Commuting by streetcar in Toronto’s downtown core, along Queen Street in the afternoon rush hour for example, is an exercise in discomfort.
Trying to get to work on a typical weekend by subway is a similar inconvenience. The ongoing track improvement work that is being done on both the Bloor and Yonge lines almost every weekend makes moving from point A to point B a challenge. Pity the parents with baby strollers or the elderly with walkers.
It was positive news then to learn that the federal government has provided $474 million for repair work and upkeep at the Toronto Transit Commission (TTC).
That is why it comes as a surprise that Toronto Mayor John Tory is calling for a 2.6 per cent cut in the TTC operating budget. That’s $16 million from a $1.7 billion budget.
The TTC’s budget rivals only that of the Toronto Police Service.
Whatever efficiencies may possibly be found at the TTC, we would hope that it does not come down to creating more stress for commuters. There is no waste on the operating lines. In fact, there is still a pressing need for additional service on some suburban routes and not just in the downtown core. And the long drawn out debate about how to respond to the need for adequate public transportation infrastructure in Scarborough has to be kept in the picture.
We understand the city revenue model is less than ideal. If former mayor Rob Ford hadn’t pandered to people unhappy about a $60 vehicle registration tax by cancelling it, perhaps Tory wouldn’t now be putting pressure on this essential city service to cut its budget. That tax cut represented a $64 million loss to the budget.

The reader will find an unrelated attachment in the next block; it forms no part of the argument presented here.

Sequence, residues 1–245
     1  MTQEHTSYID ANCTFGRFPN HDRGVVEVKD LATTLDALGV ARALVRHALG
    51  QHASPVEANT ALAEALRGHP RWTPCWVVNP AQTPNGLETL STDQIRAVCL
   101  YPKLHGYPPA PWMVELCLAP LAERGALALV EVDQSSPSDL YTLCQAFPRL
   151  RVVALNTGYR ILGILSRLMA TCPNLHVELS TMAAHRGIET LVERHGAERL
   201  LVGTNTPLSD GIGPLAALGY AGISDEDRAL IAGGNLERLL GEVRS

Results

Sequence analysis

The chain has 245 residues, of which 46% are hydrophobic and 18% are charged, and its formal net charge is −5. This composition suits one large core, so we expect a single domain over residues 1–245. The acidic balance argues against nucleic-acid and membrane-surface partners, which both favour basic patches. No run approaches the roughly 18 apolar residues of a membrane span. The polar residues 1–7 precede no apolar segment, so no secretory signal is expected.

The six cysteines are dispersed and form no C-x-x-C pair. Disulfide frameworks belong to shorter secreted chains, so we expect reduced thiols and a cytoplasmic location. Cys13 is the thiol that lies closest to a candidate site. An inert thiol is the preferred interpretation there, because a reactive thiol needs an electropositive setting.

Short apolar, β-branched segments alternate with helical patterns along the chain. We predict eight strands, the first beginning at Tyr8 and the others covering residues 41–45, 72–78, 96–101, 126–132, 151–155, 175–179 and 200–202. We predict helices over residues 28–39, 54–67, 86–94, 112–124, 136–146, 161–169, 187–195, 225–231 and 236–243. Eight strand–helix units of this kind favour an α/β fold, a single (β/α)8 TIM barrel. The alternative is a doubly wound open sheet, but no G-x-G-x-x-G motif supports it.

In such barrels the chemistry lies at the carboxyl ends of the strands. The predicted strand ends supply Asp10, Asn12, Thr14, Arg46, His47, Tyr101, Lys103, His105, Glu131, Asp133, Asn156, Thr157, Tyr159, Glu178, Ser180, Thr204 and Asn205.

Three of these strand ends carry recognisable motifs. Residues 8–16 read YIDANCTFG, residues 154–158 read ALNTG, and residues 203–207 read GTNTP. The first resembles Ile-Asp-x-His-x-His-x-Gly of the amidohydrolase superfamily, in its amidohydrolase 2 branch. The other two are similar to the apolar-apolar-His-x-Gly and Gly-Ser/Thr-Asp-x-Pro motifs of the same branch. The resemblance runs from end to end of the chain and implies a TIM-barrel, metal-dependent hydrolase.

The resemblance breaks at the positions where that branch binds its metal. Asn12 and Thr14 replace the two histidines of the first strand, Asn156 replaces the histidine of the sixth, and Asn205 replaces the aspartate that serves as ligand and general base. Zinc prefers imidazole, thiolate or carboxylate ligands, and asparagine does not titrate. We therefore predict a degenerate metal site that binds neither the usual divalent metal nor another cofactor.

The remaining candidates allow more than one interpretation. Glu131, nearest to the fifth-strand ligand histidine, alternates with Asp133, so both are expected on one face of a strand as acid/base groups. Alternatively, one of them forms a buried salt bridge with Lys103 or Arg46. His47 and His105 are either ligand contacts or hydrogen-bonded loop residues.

Further, it was Tory, who unbidden, decided that he would allow children under 12 to ride free on the TTC. It was a nice gesture, certainly one appreciated by low-income families whose children may have to use public transit to get to elementary school every day. But, providing a subsidy to low income families with school-age children might have been a better approach.
While a budget cut at the TTC would benefit the city’s bookkeeping, it is hard to see how it will benefit residents of the city.
TTC head Andy Byfield has already stated that to meet Tory’s request, efficiencies would have to come in the form of cutting service, perhaps returning to opening later on Sundays for instance, removing discounts on fares, and pushing back the opening of the Spadina subway extension. Maybe they would have to reinstitute fares for children under 12.
If this request by Tory is just a public relations exercise, then so be it, but the hundreds of thousands of people who depend on the TTC every day to get to work, medical appointments and to just manage their daily lives in general should not be made to feel insecure because of a political exercise.
What the public needs to hear from Tory is that he is completely committed to creating a legacy of an improved and efficiently operated public transit system.
What had once been a model for other cities, both in this country and beyond, has now become a byword in what delays and feeble decision making look like regarding public transportation.
Tory is not sending the best message by asking a service that is starving for funding and which is essential to this city, to make improvements by cutting its budget.
What Toronto commuters, those who use the TTC and those who are stuck in long lines of vehicle traffic need to hear is the mayor will do everything in his power to make it right.